Saturday, March 3, 2012

A Reechoing of the Conflict Resolution Workshop for Mission Baguio

A Reechoing of the Conflict Resolution Workshop for Mission Baguio

By: Athena Masilungan (author and workshop facilitator)

Conflict is natural, neither positive nor negative, it just is. Conflict is just an interference pattern of energies. Nature uses conflict as its primary motivator for change, creating beautiful beaches, canyons, mountains and pearls...”
This is the opening statement of Realizing Community Workshop facilitator Gabriele Niemann in ISIP Makati last October 28-30, 2011 in this 3-day experiential training on managing and resolving conflicts in a group setting.  Gabrielle Niemann is a coach, Waldorf school consultant and an expert in conflict resolution.  She has given numerous leadership and conflict resolution workshops through her consulting group Akademie fur Entwicklungsbegleitung.
By sheer providence, I was given a scholarship by ISIP and as a way of giving back, decided to share and reecho everything I learned from this very useful workshop with my friends and co-volunteers in the Sofia Waldorf-inspired School in Baguio (SWISBI) and Mission Baguio. 

Despite hectic schedules and numerous activities which included saying 182 trees from being cut, we finally had our workshop on January 21-22, 2012 at the Gosioco residence in Wagner Rd. in Baguio City, amidst lush greeneries and tall pine trees.  Faye Nicole Gosioco, a SWISBI parent and Mission Baguio member generously offered their beautiful home for the whole weekend, while the St. Scholastica Convent right across from their home, opened up their organic garden for our children to play in.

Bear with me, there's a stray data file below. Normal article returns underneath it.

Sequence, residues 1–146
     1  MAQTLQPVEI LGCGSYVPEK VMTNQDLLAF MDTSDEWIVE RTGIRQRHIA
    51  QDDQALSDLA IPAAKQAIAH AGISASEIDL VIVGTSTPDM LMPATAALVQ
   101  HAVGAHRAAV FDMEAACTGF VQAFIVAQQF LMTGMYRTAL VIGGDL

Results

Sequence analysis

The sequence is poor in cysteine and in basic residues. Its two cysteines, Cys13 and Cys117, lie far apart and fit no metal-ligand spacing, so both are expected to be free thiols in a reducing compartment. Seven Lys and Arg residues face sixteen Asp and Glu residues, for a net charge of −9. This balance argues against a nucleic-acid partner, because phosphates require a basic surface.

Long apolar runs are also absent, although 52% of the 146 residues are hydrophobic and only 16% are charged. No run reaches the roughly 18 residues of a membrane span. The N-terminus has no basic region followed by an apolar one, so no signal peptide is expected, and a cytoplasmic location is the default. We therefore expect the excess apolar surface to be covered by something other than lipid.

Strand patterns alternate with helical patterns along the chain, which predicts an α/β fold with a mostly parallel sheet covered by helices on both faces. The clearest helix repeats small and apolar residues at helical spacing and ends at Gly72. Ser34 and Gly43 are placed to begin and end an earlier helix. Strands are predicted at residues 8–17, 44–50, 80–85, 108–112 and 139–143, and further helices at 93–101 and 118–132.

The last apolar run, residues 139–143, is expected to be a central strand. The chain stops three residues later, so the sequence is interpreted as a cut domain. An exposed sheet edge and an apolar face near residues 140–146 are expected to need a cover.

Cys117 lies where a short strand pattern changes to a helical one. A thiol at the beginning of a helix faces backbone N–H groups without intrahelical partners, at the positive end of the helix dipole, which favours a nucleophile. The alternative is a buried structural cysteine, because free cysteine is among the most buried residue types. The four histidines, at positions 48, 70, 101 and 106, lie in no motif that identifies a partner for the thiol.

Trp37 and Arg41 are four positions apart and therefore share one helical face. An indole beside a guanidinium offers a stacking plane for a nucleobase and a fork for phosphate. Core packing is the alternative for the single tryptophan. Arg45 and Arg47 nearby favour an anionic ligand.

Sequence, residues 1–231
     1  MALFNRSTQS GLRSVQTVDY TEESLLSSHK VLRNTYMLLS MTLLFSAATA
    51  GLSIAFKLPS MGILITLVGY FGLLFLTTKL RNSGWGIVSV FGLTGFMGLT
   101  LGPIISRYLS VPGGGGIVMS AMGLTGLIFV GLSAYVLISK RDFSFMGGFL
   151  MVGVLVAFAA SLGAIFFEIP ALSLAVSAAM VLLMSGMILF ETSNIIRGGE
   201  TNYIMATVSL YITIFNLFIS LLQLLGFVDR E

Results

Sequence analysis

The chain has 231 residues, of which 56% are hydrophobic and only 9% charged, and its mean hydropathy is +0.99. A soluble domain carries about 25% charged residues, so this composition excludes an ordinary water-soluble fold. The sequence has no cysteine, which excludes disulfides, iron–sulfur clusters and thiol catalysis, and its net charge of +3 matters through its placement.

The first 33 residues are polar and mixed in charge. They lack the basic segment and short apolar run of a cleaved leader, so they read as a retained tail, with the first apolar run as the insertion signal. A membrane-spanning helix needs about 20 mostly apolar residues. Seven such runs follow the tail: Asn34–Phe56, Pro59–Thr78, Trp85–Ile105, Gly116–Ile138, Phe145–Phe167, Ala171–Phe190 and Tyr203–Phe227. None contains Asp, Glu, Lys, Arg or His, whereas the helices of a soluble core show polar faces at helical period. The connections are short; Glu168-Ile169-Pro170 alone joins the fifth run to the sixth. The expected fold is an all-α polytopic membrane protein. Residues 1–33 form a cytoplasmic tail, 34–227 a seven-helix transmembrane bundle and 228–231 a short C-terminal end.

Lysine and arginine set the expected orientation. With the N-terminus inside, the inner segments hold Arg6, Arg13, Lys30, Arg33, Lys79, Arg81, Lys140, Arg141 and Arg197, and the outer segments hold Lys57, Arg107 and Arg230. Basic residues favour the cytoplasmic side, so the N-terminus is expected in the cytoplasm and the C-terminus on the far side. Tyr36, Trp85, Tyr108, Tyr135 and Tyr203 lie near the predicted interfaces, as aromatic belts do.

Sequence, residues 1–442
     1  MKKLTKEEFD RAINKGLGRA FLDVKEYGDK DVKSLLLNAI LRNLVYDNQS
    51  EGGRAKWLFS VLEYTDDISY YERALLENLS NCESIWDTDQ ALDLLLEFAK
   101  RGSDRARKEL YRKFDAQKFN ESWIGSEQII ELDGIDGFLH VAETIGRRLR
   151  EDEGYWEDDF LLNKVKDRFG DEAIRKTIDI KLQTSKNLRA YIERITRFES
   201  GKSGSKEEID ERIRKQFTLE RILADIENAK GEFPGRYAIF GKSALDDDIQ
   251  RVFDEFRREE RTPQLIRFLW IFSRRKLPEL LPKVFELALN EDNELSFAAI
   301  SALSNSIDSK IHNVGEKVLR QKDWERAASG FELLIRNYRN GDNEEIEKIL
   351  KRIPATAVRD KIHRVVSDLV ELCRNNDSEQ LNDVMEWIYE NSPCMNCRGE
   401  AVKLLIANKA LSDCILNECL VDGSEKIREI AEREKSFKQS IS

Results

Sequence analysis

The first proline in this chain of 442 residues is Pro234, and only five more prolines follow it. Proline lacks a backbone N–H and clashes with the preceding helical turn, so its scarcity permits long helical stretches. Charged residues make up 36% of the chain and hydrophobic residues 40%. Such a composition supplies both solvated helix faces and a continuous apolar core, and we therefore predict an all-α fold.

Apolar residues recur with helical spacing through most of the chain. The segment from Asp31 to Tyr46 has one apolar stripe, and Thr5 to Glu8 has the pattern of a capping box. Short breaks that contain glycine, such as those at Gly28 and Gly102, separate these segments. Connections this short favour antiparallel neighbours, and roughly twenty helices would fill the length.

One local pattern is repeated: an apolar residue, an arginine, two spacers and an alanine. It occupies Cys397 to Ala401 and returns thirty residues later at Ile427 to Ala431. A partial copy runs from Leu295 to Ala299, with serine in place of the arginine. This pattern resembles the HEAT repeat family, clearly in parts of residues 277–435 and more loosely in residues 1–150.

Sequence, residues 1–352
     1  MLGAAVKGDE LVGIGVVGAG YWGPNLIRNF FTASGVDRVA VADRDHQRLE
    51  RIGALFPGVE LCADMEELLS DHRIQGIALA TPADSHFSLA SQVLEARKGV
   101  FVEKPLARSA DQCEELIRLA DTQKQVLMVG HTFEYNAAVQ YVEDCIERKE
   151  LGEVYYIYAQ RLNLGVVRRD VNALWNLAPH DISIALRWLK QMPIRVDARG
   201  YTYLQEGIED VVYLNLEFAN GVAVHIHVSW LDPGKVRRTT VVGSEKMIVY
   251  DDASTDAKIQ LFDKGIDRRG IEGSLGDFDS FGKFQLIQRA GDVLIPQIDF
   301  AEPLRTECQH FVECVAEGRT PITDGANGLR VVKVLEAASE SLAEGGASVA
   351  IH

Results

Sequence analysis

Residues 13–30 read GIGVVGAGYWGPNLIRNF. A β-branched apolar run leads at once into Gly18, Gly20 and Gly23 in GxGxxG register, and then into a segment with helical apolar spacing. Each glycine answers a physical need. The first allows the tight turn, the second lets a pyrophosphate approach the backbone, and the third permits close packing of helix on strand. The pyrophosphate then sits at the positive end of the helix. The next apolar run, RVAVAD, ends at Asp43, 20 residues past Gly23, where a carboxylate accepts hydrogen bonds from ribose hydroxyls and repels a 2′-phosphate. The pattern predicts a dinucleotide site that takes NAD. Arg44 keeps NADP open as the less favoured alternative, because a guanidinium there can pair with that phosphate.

Present for the weekend workshop was Baguio Node representative Grace Calleja and 11 of the more active members of the node: Francis Caguioa, Tet Mora-Uy, Kokoy Palma, Yana Gail Castillo, Faye Nicole Gosioco, Sarah Mae Sabado, Fernidand Veridiano, Sharm De Guzman, Jom Penaflor and Karen Cotiw-an, with Bardot Magtibay attending the last day. 

Before the workshop began, participants shared their expectations.  Some were interested in learning to resolve conflict and how it can be applied in all areas of life and for Mission Baguio.  Others wanted to know how to understand conflict and their levels.  A few people shared their interest in knowing how to resolve conflict in a healthy way, and the different techniques in conflict resolution.  Lastly, one member shared a yearning to have a stronger bond as a group. 

The workshop had intervals of lecture/ discussions and experiential activities.

The workshop module was as follows:
Day 1:
I.    Introduction
II.    Glass Top Exercise
III.    Discussion on Kinds of Conflict
IV.    Exercise in Resolving Conflict
V.    Notes on Mediation
VI.    Walking Exercise
VII.    Rod Exercise
VIII.    Discussion on the Thinking, Feeling, Willing Aspects of a Conflict
IX.    A lecture on the steps of the escalation of conflict
X.    Flipping the cloth exercise
XI.    Summary of the Day
Day 2:
I.    Centering exercise
II.    Sharing of reflections
III.    A Short Eurythmy exercise
IV.    Discussion on the 7 Conditions for Inner Schooling
V.    Thinking Exercise and the rest of the 6 subsidiary exercises from Rudolf Steiner
VI.    Lecture on self responsibility
VII.    The Knot exercise
VIII.    More notes on Mediation
IX.    Untangling exercise
X.    Courage Exercise
XI.    Feedback exercise
XII.    Partner drawing exercise
XIII.    Plenary discussion on the conditions for a Healthy Social Life in Mission Baguio.

MISSION Baguio members aced all the exercises and enjoyed each of them.  At times, just for the fun of it, the children of some of the members joined as well.
Each member took something unique and personal after the workshop, but certainly, the members of the node came out of it with a stronger bond and became closer towards one another.  The experience brought more trust, acceptance, and harmony.  It ended with a sharing of each member’s views on how to create better relationships in Mission Baguio with the workshop becoming the impetus for a longer planning session on the node’s major plans for the years to come.
As a final note the facilitator shared these words:

“Welcome conflict.  It is interesting.  Be open to what it will bring.”

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